Now that we’ve discussed why your dog might be reactive, let’s talk about some training exercises that you can do to help alleviate your dog’s frustration!
One note before you start training: make sure you do several practice sessions before taking your training to the streets. If you begin teaching these exercises in a highly distracting environment, your dog may be too frustrated to learn. Practicing in a calm setting like your living room or your front porch first will offer your dog the best environment to learn something new. Then as your dog begins responding more reliably, you can begin working in more distracting locations.
Teaching your dog to focus can go a long way towards curbing reactivity. To teach, begin with your dog in a sit position by your left side. Using a treat, trace a line from your dog’s nose to your eyes. When your dog’s eyes shift from the treat to your eyes, mark the correct behavior with a verbal “yes” and reward with the treat.
Have your dog ‘learn to earn’ by asking him for a focus before anything that he finds rewarding. For example, focus before you throw a toy, before you walk out the door or before crossing the street. If your dog learns to focus on you every time they want something, you will be able to control his excitement in many situations (like when they see another dog!).
Sometimes you need your dog to turn away from a frustrating situation and look to you for guidance. Front will help with that. With your dog leashed, say the word “Front” and take several steps backward. When your dog turns toward you, stop and reward him for sitting and making eye contact. From here, you may choose to have your dog hold a stay and focus on you, proceed forward or change direction to give yourself some space from the frustrating situation.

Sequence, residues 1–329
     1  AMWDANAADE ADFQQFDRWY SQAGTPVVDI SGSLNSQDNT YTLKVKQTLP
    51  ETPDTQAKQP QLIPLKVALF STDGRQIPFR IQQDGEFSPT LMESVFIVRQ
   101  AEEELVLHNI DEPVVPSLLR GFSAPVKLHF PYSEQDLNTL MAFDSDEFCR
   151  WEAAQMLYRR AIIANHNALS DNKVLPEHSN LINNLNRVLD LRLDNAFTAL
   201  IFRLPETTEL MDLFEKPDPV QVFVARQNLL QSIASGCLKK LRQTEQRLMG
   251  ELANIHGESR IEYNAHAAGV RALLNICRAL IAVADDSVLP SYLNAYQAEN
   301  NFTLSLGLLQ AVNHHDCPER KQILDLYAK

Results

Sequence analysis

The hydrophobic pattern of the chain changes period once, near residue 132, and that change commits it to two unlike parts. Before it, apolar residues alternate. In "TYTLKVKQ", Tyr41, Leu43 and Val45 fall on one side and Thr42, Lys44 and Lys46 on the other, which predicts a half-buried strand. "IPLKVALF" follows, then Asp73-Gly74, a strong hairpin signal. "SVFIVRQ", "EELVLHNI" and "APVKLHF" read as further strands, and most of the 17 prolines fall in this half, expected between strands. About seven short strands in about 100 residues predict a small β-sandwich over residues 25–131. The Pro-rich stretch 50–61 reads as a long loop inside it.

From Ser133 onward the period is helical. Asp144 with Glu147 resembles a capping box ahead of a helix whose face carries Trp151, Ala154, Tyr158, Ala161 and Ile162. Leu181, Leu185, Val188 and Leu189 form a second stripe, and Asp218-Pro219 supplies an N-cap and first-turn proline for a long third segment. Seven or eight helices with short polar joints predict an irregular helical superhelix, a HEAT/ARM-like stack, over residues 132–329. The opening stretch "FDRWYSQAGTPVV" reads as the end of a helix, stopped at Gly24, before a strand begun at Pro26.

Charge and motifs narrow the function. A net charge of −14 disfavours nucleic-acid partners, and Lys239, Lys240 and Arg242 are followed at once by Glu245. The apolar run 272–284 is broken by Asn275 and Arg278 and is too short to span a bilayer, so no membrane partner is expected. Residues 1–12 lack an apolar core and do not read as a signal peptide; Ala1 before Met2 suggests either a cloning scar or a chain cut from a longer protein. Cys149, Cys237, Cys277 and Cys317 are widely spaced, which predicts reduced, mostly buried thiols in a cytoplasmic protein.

If your dog looks like he is going to react to a trigger on a walk, you might be able to intercept it by giving him something else to focus on. For this exercise, you’ll need a high-value treat (think chunks of cheese or hot dog). Loudly call out “Find It” and toss a handful (between 5-15 chunks) of treats onto the ground directly in front of your dog. Make sure he sees them being dropped even though he might be distracted. Praise your dog for foraging around on the ground instead of reacting to the other dog. If your dog finishes the treats before the other dog has a chance to pass, toss some more down or try to refocus the dog on you.
And remember, while leash reactivity can be scary, it is modifiable in many instances. Don’t be afraid to reach out to a Certified Professional Dog Trainer for help with your precocious pooch if you feel like you are struggling!